Friday, 16 January 2015

Unemployment and Job Figures Aren’t Truthful

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The U.S. Department of Labor recently claimed that the number of unemployed workers in America has shrunk to 5.6 percent. And the same source claimed that 252,000 new jobs were created during the month of December and everyone should cheer the success of the Obama administration. Shouldn’t we all be delighted with these numbers?

But there are problems with these claims — big problems. Plenty of seasonal jobs are created during the end-of-the-year, pre-Christmas buying spree. They don’t last. Celebrating temporary seasonal job growth as though it were permanent is dishonest.

Secondly, the unemployment figure doesn’t count the many Americans who have ceased looking for work after months of trying to find a job. Nor does it count others who have part-time jobs instead of the full-time employment they formerly enjoyed and would surely prefer. The statisticians compiling the government’s figures don’t include all of these individuals. If they did, the real unemployment rate swells to 11.2 percent, exactly twice the published figure.

A nation’s economic vitality — including decent-paying jobs — depends on manufacturing. A nation whose people are making things is a nation where wealth is being created. But the number of manufacturers in our country continues to shrink. Everyone knows that the stores are full of imported goods made by others in faraway lands. So, too, are many other items made outside the United States when they were formerly manufactured by Americans.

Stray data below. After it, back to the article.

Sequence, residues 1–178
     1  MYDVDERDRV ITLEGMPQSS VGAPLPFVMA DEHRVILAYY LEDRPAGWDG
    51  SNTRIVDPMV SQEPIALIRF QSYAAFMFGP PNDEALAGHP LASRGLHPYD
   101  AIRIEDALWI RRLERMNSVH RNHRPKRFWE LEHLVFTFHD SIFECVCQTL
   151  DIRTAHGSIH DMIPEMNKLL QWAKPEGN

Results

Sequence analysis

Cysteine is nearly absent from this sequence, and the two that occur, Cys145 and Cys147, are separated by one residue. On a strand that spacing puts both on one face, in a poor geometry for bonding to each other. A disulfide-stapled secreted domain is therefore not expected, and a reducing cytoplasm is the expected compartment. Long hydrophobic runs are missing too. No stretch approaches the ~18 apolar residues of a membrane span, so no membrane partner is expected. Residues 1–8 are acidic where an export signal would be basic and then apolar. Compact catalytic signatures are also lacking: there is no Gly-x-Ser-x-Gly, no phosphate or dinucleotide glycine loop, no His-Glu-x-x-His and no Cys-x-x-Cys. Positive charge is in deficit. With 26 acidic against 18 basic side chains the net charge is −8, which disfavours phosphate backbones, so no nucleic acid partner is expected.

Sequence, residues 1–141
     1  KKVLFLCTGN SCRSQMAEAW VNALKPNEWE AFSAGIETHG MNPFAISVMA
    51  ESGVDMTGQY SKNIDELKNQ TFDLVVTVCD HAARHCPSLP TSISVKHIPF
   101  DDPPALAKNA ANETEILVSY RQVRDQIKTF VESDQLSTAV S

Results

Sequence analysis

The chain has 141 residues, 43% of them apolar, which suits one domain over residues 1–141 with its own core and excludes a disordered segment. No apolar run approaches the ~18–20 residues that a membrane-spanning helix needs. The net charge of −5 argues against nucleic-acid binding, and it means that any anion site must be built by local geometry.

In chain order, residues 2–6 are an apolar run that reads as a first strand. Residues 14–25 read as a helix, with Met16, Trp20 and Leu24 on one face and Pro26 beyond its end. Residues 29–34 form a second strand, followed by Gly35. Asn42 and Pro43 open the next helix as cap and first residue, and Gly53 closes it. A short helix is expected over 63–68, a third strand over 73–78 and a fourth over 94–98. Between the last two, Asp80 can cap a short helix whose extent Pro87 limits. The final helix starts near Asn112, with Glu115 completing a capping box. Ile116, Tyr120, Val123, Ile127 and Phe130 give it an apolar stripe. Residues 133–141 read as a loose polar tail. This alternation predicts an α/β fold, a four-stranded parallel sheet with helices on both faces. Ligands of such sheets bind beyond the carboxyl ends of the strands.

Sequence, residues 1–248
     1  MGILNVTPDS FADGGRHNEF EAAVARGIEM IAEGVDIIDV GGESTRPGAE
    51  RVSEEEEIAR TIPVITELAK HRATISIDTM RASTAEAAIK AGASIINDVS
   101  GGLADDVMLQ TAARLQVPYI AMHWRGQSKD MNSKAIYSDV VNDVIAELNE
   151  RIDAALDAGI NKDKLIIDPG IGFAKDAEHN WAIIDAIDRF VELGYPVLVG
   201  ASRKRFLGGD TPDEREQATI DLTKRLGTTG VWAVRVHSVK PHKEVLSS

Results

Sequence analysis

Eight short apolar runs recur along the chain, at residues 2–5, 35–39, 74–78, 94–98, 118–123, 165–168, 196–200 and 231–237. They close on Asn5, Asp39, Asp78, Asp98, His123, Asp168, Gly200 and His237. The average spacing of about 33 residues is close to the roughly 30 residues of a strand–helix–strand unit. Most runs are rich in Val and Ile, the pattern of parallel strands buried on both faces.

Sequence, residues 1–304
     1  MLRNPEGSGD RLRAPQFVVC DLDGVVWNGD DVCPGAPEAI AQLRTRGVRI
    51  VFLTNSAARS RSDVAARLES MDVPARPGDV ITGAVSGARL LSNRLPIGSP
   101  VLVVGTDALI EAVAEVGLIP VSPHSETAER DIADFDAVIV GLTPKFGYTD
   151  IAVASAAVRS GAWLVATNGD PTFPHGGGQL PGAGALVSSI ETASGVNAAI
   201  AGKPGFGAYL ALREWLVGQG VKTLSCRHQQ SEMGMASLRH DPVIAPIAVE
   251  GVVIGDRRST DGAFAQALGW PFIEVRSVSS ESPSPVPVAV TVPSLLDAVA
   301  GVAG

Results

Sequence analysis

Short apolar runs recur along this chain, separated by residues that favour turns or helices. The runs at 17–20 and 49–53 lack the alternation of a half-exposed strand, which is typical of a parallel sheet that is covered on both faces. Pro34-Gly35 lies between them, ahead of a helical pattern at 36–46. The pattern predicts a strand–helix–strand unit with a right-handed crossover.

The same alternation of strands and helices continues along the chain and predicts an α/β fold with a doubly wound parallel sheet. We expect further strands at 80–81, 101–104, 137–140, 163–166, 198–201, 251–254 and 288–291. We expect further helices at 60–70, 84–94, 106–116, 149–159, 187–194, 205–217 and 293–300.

America’s wealth-producers took a huge hit after enactment of the 1995 North American Free Trade Agreement (NAFTA). In 1993, the United States had a $1.66 billion trade surplus with Mexico. After NAFTA, the surplus disappeared, replaced immediately by a $15.8 billion deficit that has grown to more than $60 billion per year. The jobs that Americans formerly held haven’t returned. Many more have ended up in China where the U.S. trade deficit has ballooned to more than $80 billion per year.

The Obama administration has customarily provided dishonest unemployment figures. But the president and his team are now seeking congressional passage of two additional NAFTA-like trade agreements, one with Pacific-rim nations and the other with the European Union. If these two pacts are approved by Congress, the already bad unemployment situation will grow even worse.

Follow these links to contact Congress and tell them to reject the Trans-Pacific Partnership (TPP) and the Transatlantic Trade and Investment Partnership (TTIP). And messages sent to elected officials ought to demand honesty from the bureaucrats who habitually paint the nation’s economic situation with rosy colors when honesty calls for quite the opposite.

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John F. McManus is president of The John Birch Society and publisher of The New American. This column appeared originally at the insideJBS blog and is reprinted here with permission.

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